Organised by Paul Richards (pictured), who I met at Edinburgh Festival, this packed to bursting point gig at The Red Bull in Cambridge was one I'd been looking forward to ever since it was booked. Not far from where my brother now lives I combined it with a family visit and come 7.30pm we arrived to find a nice pub with people already taking their seats in the upstairs room for the 8pm start.
The venue turned out to be the local for Rory McGrath and he was indeed in the audience when things kicked off. After some manic cajon based sing-a-longs with Paul, Izzy Rees did a ukulele powered ten minutes to a warm reception.
Adam Skuse was up next for fifteen with enough profanity to ensure his set was unlikely to ever be broadcast anywhere. His observations and musings kept the crowd laughing, particularly when he delved into the darker recesses of his mind.
Mic handed back to Paul, I was then introduced and I launched into a five song set which is, to all intents and purposes, the work in progress for my Edinburgh 2017 show. Gone are the references to primary teaching but the formula otherwise remains pretty much the same. Presenting the set as my top 5 first world problems was effective and the crowd were more than willing to participate in the madness. Two verses in they were still rocking their arms back and forth to Selfie Stick - which is about a verse and a half more than any time before.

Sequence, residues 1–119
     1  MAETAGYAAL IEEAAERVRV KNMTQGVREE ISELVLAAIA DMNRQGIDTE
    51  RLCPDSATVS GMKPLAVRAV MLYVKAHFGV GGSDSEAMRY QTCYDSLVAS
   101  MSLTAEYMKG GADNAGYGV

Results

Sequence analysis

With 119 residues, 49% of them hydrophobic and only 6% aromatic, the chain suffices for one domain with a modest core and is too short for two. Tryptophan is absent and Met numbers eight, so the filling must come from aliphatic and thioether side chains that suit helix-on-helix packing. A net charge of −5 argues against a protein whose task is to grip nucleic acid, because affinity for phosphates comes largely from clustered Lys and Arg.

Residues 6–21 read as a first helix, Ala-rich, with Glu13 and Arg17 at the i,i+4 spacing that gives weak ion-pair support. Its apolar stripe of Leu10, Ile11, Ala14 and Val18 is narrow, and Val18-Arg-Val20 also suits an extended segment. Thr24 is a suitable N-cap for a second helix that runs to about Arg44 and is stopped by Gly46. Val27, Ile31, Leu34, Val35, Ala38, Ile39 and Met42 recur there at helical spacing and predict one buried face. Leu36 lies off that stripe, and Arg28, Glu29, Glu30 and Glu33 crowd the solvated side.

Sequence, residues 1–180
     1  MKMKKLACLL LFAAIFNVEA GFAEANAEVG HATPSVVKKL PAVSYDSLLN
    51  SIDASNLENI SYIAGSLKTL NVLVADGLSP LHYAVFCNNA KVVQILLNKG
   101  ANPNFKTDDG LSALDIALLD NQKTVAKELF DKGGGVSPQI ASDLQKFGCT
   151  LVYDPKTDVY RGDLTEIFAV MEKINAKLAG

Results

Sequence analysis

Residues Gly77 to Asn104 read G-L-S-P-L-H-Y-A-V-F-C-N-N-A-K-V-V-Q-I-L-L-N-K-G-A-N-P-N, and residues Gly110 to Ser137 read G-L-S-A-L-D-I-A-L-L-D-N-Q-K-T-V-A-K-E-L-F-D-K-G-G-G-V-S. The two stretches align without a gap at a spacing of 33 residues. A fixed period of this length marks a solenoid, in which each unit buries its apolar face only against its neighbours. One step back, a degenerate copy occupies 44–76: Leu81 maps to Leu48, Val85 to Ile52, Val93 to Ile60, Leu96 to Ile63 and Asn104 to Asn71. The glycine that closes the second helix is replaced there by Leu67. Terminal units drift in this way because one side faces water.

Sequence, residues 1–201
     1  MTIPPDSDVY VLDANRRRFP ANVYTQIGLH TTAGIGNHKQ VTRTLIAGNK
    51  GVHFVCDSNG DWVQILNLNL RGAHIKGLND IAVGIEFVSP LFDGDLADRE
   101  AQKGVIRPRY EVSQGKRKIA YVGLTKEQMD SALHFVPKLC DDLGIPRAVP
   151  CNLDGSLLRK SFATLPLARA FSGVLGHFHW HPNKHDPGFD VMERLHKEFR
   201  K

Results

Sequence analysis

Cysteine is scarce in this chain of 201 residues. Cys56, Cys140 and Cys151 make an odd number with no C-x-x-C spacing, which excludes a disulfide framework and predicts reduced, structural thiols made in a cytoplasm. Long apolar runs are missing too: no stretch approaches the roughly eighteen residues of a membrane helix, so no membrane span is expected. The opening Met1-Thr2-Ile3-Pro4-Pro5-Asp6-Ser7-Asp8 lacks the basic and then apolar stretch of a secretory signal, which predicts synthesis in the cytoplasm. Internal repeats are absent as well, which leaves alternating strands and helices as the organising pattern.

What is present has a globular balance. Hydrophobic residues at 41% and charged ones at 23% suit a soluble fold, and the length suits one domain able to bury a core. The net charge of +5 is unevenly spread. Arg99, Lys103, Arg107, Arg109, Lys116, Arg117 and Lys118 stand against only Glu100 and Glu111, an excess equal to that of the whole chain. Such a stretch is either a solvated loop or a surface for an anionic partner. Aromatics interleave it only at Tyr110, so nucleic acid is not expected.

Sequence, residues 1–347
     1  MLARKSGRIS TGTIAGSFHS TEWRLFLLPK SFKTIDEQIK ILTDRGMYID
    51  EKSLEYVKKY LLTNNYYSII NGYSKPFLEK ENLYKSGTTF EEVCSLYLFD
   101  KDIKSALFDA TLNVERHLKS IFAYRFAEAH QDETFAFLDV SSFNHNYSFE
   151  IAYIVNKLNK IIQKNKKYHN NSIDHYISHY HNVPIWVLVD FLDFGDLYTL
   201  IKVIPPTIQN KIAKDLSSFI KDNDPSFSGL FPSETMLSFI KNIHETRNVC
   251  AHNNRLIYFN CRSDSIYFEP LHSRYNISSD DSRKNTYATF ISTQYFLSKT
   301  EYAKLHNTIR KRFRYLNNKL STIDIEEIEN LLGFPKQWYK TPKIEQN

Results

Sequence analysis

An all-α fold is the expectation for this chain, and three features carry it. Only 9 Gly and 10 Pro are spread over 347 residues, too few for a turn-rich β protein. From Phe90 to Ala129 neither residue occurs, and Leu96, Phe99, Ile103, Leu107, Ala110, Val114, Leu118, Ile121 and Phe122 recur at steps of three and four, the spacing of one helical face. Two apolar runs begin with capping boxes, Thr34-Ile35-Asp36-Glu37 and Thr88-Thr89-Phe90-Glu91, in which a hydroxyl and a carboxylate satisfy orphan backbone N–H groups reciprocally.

Thirty minutes later they and I had definitely had a pretty substantial work-out and it was down to the bar before heading home with my brother at the wheel - tired to the extent only possible of a parent with a one year old. At the bar I got plenty of congratulations and Rory called the set "superb". One for the comedy CV.
So what have I learned from gigs in Watford, Liverpool, London, Brighton and Cambridge this half term?
1. Watford books shops are actually really good places for a Friday night of comedy.
2. Liverpuddlians are huge comedy fans, even on a Sunday night, and love it rude and raucous.
3. Famous First Words is as thoroughly random and unpredictable as when I left it.
4. Gigs in Brighton can be as light on "real" audience as in London despite a quality line-up.
5. Cambridge audiences are awesome.
6. Gigs outside of London are untainted by the grim realities of comedy in the capital - such as seemingly limitless amounts of acts on in a single night or the dreaded requirement for the acts to bring their own audience.
7. Train journeys are a great opportunity to write if you book a seat with a table and plug socket.
8. The difference in quality between two rooms in two cities costing approximately the same can be absolutely vast.
9. Soundcheck before you go on.
10. My sets work best with at least three songs.